The test for determining whether an officer has exceeded the scope of a suspect's consent to enter the suspect's premises "is that of 'objective' reasonableness -- what would the typical reasonable person have understood by the exchange between the officer and the suspect." United States v. Phelps, 168 F.3d 1048, 1057 (8th Cir. 1999) ((citing United States v. Sanchez, 32 F.3d 1330, 1334 (8th Cir.1994); quoting Florida v. Jimeno, 500 U.S. 248, 251, 111 S. Ct. 1801, 114 L. Ed. 2d 297 (1991), cert. denied, 513 U.S. 1158, 115 S. Ct. 1119, 130 L. Ed. 2d 1082 (1995)); see also United States v. Stapleton, 10 F.3d 582, 584 (8th Cir. 1993) (silence during search may imply consent). The court finds it was reasonable for Officer Sanchez to conclude, and therefore to communicate to the other officers, that Pascual had consented to a search of the apartment, not just the green jacket.
The court finds valid, knowing and intelligent consent was given to the search of the apartment, and to the use of the drug dog. The only remaining issue is whether the officers had the right to search the curtilage of the apartment building without further consent. Pascual apparently extends the scope of his argument to include whether the officers had the right to look out of the window.
Setting aside for a moment the question of whether Pascual had any expectation of privacy in the curtilage of the apartment building, the court finds that in any event, the officers had probable cause to look out of the window, given the circumstances. The window was open in very cold weather. It was located right next to a dresser where the drug dog had indicated. The screen was pushed out of the window, and the officers had heard a loud "thud" coming from the rear of the building. Once Officer Simons saw the items lying on the ground in plain view, the officers had the right to investigate further to see what he had observed. See United States v. Reinholz, 245 F.3d 765, 777 (8th Cir. 2001) (officers may seize item in plain view "if the police are lawfully in a position to observe the item and its incriminating character is immediately apparent") ((citing Horton v. California, 496 U.S. 128, 136-38, 110 S. Ct. 2301, 110 L. Ed. 2d 112 (1990)).
If the seized items had not been in plain view, the issue would have been whether the apartment's residents had an expectation of privacy in the curtilage of the building. The courts are split on this issue. See United States v. King, 227 F.3d 732, 743-50 (6th Cir. 2000) (digesting cases, including, inter alia, Fixel v. Wainwright, 492 F.2d 480 (5th Cir. 1974), in which the court held a tenant of a four-unit apartment building had a reasonable expectation of privacy in the backyard of the building, which was "completely removed from the street and surrounded by a chain link fence.") However, the court has found no case, and none has been cited by Pascual, in which a court has held a tenant of a multi-family dwelling had an expectation of privacy in a common area that was completely open to the public, as was the case here. The area surrounding Pascual's residence was not fenced or otherwise secluded from public access. Indeed, the area where the drugs were found on the ground was adjacent to a parking area in back of the building.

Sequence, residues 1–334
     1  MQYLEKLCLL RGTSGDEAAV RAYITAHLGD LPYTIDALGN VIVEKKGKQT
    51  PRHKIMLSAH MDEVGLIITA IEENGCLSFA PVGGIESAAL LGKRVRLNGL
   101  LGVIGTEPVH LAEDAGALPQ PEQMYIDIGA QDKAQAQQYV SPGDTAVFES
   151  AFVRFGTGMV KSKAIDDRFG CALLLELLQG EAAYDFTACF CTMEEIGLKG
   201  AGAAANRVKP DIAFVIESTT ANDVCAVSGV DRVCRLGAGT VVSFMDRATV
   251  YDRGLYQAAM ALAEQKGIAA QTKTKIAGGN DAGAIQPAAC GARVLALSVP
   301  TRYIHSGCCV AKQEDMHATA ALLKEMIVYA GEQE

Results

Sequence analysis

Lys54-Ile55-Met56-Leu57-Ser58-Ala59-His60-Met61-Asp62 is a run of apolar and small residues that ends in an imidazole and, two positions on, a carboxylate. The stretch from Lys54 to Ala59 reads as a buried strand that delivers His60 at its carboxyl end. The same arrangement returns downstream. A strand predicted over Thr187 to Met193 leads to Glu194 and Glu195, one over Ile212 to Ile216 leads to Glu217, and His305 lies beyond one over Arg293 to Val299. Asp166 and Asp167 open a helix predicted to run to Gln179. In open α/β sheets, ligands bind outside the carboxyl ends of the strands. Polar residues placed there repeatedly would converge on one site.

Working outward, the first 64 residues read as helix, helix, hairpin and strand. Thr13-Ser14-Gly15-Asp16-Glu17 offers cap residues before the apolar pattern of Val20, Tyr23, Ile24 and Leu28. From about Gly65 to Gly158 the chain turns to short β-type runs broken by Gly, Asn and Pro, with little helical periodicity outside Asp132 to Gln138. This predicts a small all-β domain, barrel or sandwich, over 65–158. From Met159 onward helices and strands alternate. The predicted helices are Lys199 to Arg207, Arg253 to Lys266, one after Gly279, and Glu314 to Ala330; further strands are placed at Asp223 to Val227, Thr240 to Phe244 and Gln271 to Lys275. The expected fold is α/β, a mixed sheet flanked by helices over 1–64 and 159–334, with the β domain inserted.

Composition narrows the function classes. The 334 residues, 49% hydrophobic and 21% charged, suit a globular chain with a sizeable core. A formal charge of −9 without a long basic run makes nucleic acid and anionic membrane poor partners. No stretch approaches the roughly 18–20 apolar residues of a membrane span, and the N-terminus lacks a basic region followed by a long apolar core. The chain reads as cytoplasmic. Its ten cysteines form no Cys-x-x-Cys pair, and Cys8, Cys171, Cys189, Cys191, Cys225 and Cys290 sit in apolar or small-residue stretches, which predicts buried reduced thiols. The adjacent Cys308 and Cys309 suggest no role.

Moreover, the Eighth Circuit Court of Appeals has "repeatedly held that tenants of multifamily dwellings have no legitimate expectation of privacy in common or shared areas." United States v. Mendoza, 281 F.3d 712, 715 (8th Cir. 2002) (citing United States v. McCaster, 193 F.3d 930 (8th Cir. 1999) (no expectation of privacy in duplex hallway's closet); United States v. McGrane, 746 F.2d 632 (8th Cir. 1999) (no expectation of privacy in basement storage locker accessible by other residents of multi-family dwelling); United States v. Eisler, 567 F.2d 814 (8th Cir. 1977) (no expectation of privacy in conversation that took place in apartment building hallway)). A similar conclusion is warranted here. Pascual had no right to exclude others from the curtilage of the building and took no precautions to maintain his privacy in the items he threw out the window. Pascual has failed to meet his burden to show "both a subjective expectation of privacy and that the expectation is objectively reasonable; that is, one that society is willing to accept." Mendoza, 281 F.3d at 715 (internal quotations, citations omitted).
For the reasons discussed above, IT IS RECOMMENDED, unless any party files objections(6) to the Report and Recommendation in accordance with 28 U.S.C. § 636(b)(1)(C) and Fed. R. Civ. P. 72(b), within ten (10) days of the service of a copy of this report and recommendation, that Pascual's motion to suppress (Doc. No. 17) be denied.
IT IS SO ORDERED.
DATED this 13th day of May, 2003.
PAUL A. ZOSS
U.S. MAGISTRATE JUDGE
UNITED STATES DISTRICT COURT
1. The officer testified he has "very, very rarely" seen surveillance cameras in dwellings where no criminal activity is taking place.
2. Officer Brasselero testified it was between five and ten minutes from the time the officers first arrived at the building until the individual came to the door.
3. Officer Brasselero testified that although he does not speak Spanish, he knows a few phrases and can ask simple questions in Spanish. He did not recall whether he asked Pascual the preliminarily questions in English or Spanish, but he demonstrated on the record how he would have asked the questions in Spanish.
4. Officer Sanchez testified Pascual repeated, "Esta bien," which means "That's fine" in Spanish, more than once.
5. For additional details of the search, see the officers' offense reports, attached to Pascual's brief, Doc. No. 18, and incorporated in his brief by reference.
6. Objections must specify the parts of the report and recommendation to which objections are made. Objections also must specify the parts of the record, including exhibits and transcript lines, which form the basis for such objections. See Fed. R. Civ. P. 72. Failure to file timely objections may result in waiver of the right to appeal questions of fact. See Thomas v. Arn, 474 U.S. 140, 155, 106 S. Ct. 466, 475, 88 L. Ed. 2d 435 (1985); Thompson v. Nix, 897 F.2d 356 (8th Cir. 1990).